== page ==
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Kushner told Woodward in April Trump was 'getting the country back from the doctors'

White House senior adviser Jared KushnerJared Corey KushnerTrump alumni launch America First Policy Institute Fauci fatigue sets in as top doc sows doubt in vaccine effectiveness The Memo: Biden's five biggest foreign policy challenges MORE in April told journalist Bob Woodward that the country had progressed in its response to the coronavirus pandemic to the point where President TrumpDonald TrumpFreedom Caucus member condemns GOP group pushing 'Anglo-Saxon political traditions' MyPillow CEO Mike Lindell's new free speech site to ban certain curse words Secret Facebook groups of special operations officers include racist comments, QAnon posts: report MORE was "back in charge" and "getting the country back from the doctors."

Kushner, who is also the president's son-in-law, told Woodward on April 18 that the country was moving into what he deemed the "comeback phase." The comments came one day after Trump tweeted out support for people protesting against coronavirus-related restrictions with calls to "liberate" Michigan, Minnesota and Virginia.

"There were three phases. There’s the panic phase, the pain phase and then the comeback phase. I do believe that last night symbolized kind of the beginning of the comeback phase," Kushner told Woodward, according to an audio recording published by CNN.

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"That doesn’t mean there’s not still a lot of pain and there won’t be pain for a while, but that basically was — we’ve now put out rules to get back to work," he continued. "Trump’s now back in charge. It’s not the doctors. They’ve kind of — we have, like, a negotiated settlement."

Kushner told Woodward that working out guidelines allowing parts of the economy to reopen "was almost like Trump getting the country back from the doctors. Right? In the sense that what he now did was, you know, he’s going to own the open-up."

The comments came in April, when the country had managed to reduce infection rates and improve hospital capacity after the administration promoted an initiative to "slow the spread" for 30 days by encouraging social distancing and mask wearing.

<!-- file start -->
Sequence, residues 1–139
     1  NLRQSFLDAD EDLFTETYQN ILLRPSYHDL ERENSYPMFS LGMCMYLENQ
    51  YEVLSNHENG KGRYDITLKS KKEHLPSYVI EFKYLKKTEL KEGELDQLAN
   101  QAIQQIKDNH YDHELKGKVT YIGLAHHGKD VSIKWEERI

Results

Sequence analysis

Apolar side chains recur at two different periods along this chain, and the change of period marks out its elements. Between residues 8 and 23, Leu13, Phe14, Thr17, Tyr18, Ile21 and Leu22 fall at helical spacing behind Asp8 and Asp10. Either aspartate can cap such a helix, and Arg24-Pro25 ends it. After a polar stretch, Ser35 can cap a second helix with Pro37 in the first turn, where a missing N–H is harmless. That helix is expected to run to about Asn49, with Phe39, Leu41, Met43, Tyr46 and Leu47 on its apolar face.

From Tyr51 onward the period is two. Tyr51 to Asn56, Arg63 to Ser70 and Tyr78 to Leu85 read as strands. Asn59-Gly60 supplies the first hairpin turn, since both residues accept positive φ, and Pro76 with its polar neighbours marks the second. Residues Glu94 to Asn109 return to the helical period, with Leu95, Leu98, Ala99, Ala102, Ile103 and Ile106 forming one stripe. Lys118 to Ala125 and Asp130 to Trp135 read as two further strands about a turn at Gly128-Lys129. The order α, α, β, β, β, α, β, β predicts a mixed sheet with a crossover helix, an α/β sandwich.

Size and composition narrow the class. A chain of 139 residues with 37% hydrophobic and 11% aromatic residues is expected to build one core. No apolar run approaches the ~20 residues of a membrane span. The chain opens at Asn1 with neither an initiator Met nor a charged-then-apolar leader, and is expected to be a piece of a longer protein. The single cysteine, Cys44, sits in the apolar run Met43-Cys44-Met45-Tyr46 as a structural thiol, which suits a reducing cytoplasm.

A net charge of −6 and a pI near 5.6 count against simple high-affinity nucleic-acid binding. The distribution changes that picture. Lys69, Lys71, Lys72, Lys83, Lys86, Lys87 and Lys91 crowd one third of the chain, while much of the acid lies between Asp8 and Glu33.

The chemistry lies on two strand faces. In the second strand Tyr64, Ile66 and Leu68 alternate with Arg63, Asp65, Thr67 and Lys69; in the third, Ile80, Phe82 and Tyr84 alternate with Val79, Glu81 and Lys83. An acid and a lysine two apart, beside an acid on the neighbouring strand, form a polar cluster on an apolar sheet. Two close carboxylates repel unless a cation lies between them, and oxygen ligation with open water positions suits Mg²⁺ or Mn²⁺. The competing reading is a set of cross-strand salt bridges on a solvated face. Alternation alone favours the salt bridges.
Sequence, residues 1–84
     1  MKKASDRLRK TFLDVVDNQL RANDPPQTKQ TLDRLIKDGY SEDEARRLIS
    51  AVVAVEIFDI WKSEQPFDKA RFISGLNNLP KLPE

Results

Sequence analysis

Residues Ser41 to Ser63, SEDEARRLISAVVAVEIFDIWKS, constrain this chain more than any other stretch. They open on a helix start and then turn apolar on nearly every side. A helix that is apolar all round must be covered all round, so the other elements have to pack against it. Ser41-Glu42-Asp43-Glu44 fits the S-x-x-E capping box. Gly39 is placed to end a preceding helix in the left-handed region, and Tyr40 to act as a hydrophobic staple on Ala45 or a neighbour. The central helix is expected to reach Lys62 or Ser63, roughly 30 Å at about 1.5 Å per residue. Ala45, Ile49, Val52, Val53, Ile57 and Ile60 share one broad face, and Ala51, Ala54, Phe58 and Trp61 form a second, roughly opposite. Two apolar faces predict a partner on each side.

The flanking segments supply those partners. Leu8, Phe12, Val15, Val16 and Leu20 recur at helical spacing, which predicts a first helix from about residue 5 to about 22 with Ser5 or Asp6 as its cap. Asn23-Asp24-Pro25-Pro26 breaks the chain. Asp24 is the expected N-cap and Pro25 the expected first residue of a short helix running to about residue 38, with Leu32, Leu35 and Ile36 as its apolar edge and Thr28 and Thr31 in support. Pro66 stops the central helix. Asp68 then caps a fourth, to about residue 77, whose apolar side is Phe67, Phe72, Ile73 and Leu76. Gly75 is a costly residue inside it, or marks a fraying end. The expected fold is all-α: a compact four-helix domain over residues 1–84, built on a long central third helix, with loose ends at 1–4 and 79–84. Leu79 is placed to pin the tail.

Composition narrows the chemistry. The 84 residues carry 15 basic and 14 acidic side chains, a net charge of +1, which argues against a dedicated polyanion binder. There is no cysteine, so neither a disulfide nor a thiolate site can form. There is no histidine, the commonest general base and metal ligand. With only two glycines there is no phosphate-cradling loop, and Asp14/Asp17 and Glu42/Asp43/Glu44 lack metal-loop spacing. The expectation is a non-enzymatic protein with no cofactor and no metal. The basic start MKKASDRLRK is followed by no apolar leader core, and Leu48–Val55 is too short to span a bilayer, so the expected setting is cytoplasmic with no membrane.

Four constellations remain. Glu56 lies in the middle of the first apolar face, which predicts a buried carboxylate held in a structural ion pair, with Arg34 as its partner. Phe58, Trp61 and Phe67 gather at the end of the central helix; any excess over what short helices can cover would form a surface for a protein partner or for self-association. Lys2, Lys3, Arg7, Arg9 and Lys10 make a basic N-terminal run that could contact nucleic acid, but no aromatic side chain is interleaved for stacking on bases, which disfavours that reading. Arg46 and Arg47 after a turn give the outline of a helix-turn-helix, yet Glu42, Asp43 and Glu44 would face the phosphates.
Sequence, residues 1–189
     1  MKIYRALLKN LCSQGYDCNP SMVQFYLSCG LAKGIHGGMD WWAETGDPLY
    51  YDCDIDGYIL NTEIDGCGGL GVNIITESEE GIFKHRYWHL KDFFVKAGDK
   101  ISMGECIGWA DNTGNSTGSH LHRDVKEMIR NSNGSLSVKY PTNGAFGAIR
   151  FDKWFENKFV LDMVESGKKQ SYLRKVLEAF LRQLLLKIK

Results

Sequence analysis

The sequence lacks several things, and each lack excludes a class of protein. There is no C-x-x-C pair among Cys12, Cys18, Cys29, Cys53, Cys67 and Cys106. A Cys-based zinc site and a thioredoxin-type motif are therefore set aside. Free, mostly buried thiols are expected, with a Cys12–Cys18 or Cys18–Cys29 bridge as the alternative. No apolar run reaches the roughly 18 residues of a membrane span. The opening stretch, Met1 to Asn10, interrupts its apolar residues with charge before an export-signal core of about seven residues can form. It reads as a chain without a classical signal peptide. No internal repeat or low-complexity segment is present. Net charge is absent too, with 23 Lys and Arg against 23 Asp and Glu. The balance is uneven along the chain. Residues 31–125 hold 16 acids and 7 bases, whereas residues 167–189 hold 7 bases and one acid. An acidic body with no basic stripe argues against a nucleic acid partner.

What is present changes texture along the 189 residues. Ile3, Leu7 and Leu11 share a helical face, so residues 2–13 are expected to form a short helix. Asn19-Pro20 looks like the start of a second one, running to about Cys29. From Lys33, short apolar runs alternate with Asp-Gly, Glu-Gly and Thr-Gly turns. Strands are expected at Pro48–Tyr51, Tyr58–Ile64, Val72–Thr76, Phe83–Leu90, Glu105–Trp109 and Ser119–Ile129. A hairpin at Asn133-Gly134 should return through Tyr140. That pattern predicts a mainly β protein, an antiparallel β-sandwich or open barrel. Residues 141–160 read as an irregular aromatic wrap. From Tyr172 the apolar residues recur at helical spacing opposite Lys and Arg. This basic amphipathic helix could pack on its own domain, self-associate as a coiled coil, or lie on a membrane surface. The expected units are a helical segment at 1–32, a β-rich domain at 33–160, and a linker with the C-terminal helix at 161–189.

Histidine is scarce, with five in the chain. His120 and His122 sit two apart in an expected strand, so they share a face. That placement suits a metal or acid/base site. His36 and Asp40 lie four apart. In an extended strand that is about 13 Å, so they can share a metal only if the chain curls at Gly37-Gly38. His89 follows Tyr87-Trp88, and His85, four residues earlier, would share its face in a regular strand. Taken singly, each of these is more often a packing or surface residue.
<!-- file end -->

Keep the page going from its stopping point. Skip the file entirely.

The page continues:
Trump told Woodward in February and March that he was aware the virus was dangerous and could spread through the air, but that he wanted to intentionally play down its severity to avoid causing panic, according to previously released recordings.

But in the six months since, Trump has agitated for the country to fully reopen, leading to a spike in virus cases. In that same time frame, he has pushed aside medical experts who were leaders on the White House coronavirus task force, including Anthony FauciAnthony FauciOvernight Health: NIH reverses Trump's ban on fetal tissue research | Biden investing .7B to fight virus variants | CDC panel to meet again Friday on J&J Fox News's Bret Baier posts vaccination selfie The Hill's 12:30 Report: Nearly half of U.S. adults partially or fully vaccinated MORE, Deborah BirxDeborah BirxThe Hill's 12:30 Report - Presented by ExxonMobil - Supreme Court announces unanimous rulings The Memo: The mystery of post-presidency Trump Overnight Health Care: US joins 13 countries in raising 'concerns' with data in WHO team's virus report | COVID-19's fourth wave is hitting the US hard | American satisfaction with vaccine rollout surges to 68 percent: poll MORE and Centers for Disease Control and Prevention Director Robert Redfield.

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The U.S. is in the midst of yet another surge in infections and hospitalizations. The country over the weekend saw a record high seven-day average of reported infections. The virus has killed at least 225,000 Americans, the most reported deaths of any country in the world.

The president still routinely complains about states that he says have been too slow to lift restrictions meant to slow the spread of the virus, including at a rally on Tuesday in Michigan.

Kushner told Woodward in April that he believed it would be politically beneficial for Trump to "own the opening" of the country.

"Because again, the opening is going to be very popular," he said. "People want this country open. But if it opens in the wrong way, the question will be, did the governors follow the guidelines we set out or not?"